van Lierop stuck with Relic for a number of years, leaving shortly after shipping Company of Heroes to co-found a company called Radar, which specialized in third-party development of original IPs. Afterwards he jumped around a bit--including a stint at Ubisoft Montreal to work on Far Cry 3 in pre-production--before eventually heading back to Relic, where he shipped Warhammer 40,000: Space Marine as game director. After the project wrapped up, he started to feel a bit restless with AAA development, and gave some serious thought to his next move.
"I saw a lot of colleagues and friends who were just jumping into this gold rush of iPhone games and little independent studios,'" he says. One such colleague was Jamie Cheng, founder of Klei Entertainment, who van Lierop had worked with and befriended at Relic.
"We had lunch together and I told him about my plans and what I wanted to accomplish, and he was like, 'You know what’s so funny is: all these years you’ve chased the legitimacy of working on these big AAA games so that you could have your own studio, whereas I just went into an area of the industry where it didn’t really matter if you had a lot of experience or not. You just go and make a cool independent game and that’s the only thing that matters.' And it was this moment for me where I was like, 'Oh shit, he’s totally right.'"
Like Darveau, van Lierop gave up AAA development and formed an independent studio. Founded in 2012, Hinterland Games is based in the rural countryside of northern Vancouver Island; van Lierop fondly describes it as being "literally on the verge of the wilderness and figuratively on the edge of the industry." Its first project, a disaster survival game called The Long Dark, is currently active on Kickstarter, and, at the time of this story, has just surpassed its halfway mark for funding.
van Lierop admits that having complete creative freedom comes at a price--access to resources, the uncertainty of success--but says that the passion his team has for the project is an incredible inspiration. There's a sort of satisfaction gained from knowing that his teammates (again, all with AAA backgrounds) are willingly, excitedly pouring everything they have into bringing an idea to life. Everyone at Hinterland is happy that The Long Dark is beholden only to themselves and to the gamers committed to its creation. It's more personal that way.
Such an opportunity is enticing because it hearkens back to "the way the industry used to be," van Lierop says.
"I think that for a lot of [devs], it’s wanderlust. Not looking at [design] anymore like it’s just a job, or it’s just another product that you’re making, but to remember those experiences that we had when we started that inspired us to make awesome games--trying to go back to that and find that again," van Lierop says. "Working with small teams is really a big part of that."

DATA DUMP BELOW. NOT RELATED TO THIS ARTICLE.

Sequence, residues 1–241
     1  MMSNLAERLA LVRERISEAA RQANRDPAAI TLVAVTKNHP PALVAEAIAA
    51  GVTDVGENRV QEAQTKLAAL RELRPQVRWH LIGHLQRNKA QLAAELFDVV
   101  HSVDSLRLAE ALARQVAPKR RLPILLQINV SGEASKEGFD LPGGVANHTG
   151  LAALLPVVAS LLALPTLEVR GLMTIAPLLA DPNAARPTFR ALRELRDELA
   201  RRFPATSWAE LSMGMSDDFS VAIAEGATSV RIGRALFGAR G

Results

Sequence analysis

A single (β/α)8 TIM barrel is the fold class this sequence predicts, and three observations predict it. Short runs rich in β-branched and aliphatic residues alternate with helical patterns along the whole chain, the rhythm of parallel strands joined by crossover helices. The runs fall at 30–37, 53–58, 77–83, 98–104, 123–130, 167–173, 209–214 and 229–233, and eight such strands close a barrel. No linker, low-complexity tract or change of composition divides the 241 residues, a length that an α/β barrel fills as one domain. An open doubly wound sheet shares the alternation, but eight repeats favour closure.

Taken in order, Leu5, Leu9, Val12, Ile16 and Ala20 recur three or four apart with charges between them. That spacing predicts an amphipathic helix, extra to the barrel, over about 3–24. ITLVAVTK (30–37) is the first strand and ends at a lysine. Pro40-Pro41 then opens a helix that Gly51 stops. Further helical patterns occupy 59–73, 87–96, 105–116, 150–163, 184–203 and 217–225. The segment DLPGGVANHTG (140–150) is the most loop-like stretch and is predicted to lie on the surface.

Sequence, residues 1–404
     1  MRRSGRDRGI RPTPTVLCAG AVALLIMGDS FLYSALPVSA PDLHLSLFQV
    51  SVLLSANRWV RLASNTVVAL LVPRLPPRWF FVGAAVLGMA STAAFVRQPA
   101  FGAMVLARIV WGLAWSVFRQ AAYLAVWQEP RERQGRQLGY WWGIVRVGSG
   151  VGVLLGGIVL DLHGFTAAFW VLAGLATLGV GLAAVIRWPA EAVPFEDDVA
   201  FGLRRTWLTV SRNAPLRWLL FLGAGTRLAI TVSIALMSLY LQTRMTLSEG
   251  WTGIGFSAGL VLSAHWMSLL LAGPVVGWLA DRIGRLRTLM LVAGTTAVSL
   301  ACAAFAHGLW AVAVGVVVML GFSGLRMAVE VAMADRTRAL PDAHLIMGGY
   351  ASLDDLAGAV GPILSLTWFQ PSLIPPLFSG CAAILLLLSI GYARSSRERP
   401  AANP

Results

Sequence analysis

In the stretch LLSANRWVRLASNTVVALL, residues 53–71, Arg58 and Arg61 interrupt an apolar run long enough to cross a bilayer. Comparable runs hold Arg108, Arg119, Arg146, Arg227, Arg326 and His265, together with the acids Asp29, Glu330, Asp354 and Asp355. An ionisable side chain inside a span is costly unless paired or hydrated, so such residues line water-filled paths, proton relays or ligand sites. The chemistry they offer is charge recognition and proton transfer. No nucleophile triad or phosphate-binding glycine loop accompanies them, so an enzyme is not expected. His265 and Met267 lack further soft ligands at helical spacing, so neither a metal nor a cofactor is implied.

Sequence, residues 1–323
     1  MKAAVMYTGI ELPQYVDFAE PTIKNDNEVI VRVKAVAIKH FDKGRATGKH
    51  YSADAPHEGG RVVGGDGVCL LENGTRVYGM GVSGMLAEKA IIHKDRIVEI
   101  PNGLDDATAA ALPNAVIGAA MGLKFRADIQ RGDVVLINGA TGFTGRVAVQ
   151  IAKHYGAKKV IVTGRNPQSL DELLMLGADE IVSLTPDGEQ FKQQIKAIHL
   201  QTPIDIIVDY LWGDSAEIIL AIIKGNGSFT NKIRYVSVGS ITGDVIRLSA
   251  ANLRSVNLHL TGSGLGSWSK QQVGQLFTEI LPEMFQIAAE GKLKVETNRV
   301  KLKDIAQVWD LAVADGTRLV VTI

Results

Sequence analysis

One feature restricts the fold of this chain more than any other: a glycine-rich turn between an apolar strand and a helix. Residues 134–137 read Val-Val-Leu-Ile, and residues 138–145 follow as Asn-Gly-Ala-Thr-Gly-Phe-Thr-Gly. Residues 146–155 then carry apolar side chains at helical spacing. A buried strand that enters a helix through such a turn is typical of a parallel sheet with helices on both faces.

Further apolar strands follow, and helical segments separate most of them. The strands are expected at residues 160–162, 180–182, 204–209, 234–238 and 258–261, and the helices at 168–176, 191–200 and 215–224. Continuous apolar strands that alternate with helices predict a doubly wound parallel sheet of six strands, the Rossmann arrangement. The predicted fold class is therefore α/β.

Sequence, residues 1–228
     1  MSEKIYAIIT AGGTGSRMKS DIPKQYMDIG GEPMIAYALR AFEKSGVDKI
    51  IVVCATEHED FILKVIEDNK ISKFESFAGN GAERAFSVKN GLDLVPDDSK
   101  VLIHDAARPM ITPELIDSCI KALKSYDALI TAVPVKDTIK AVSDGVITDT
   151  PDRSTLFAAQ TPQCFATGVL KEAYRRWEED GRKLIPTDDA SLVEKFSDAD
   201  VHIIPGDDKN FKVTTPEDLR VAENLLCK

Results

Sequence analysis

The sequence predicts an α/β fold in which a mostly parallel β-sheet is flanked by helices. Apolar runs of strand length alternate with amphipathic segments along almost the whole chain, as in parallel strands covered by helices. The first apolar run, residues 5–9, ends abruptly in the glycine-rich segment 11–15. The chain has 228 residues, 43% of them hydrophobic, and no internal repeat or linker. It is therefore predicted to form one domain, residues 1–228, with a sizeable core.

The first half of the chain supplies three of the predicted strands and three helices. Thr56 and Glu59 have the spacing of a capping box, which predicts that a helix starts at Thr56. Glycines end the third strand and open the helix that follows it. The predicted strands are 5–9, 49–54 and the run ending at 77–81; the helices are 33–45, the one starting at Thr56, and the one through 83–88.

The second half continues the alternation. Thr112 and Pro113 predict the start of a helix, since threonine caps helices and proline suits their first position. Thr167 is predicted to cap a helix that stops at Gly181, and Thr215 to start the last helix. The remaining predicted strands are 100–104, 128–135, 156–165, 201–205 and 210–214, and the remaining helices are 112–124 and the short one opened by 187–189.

Darveau's thoughts are similar: "This is the reason why I joined the industry in the first place: to create, to innovate, to build something that will really please the people." For him, the experience of putting together a team and creating the game they set out to to make is worth every risk, even if it ultimately results in failure. "This was the experience I wanted to live," he says. "No matter what happens in the future, I am really proud that I had the chance to live it at least once, for one year."
Spearhead Games and Hinterland Games are just two players in a rapidly expanding list of independent studios. AAA titles will continue to play a pivotal role in the industry, no doubt, but the increasing success of smaller development houses--and the staggering number of AAA developers leaving to join them--suggests that both gamers and game makers are ready for something different. The future of gaming will be driven by a wave of "new design," Darveau says, and it's the smaller teams, the ones flexible enough to adapt on-the-fly and make decisions quickly, that will be its genesis.
"Somehow it tells me everybody knows, at some level, that the industry is about to change, that a revolution is about to occur in a huge way," he says. "People maybe won’t say it like that, but they can see it--otherwise they would not have acted, and they would not have done something as insane as quitting a lead position on a AAA project with a super-safe job to join the little two guys that are pitching a game in their living room. Right?"